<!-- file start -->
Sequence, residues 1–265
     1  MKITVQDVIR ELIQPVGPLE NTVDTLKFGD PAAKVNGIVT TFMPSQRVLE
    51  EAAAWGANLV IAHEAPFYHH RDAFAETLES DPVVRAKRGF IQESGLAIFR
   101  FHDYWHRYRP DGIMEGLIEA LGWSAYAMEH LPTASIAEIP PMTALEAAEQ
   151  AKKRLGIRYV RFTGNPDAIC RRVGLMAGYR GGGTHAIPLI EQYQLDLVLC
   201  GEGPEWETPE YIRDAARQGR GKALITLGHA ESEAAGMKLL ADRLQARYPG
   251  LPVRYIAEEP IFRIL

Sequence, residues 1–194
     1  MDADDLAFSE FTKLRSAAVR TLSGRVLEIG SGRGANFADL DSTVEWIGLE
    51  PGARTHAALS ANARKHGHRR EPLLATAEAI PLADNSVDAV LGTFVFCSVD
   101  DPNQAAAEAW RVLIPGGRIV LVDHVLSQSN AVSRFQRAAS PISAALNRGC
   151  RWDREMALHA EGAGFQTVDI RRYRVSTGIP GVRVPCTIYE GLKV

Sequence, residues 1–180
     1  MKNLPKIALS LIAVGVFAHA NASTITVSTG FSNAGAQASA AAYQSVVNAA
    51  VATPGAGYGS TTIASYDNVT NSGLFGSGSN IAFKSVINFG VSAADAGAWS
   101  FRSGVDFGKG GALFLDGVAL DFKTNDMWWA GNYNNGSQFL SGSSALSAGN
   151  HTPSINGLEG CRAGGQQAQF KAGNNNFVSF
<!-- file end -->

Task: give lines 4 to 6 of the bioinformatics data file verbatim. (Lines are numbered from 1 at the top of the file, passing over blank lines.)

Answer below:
   101  FHDYWHRYRP DGIMEGLIEA LGWSAYAMEH LPTASIAEIP PMTALEAAEQ
   151  AKKRLGIRYV RFTGNPDAIC RRVGLMAGYR GGGTHAIPLI EQYQLDLVLC
   201  GEGPEWETPE YIRDAARQGR GKALITLGHA ESEAAGMKLL ADRLQARYPG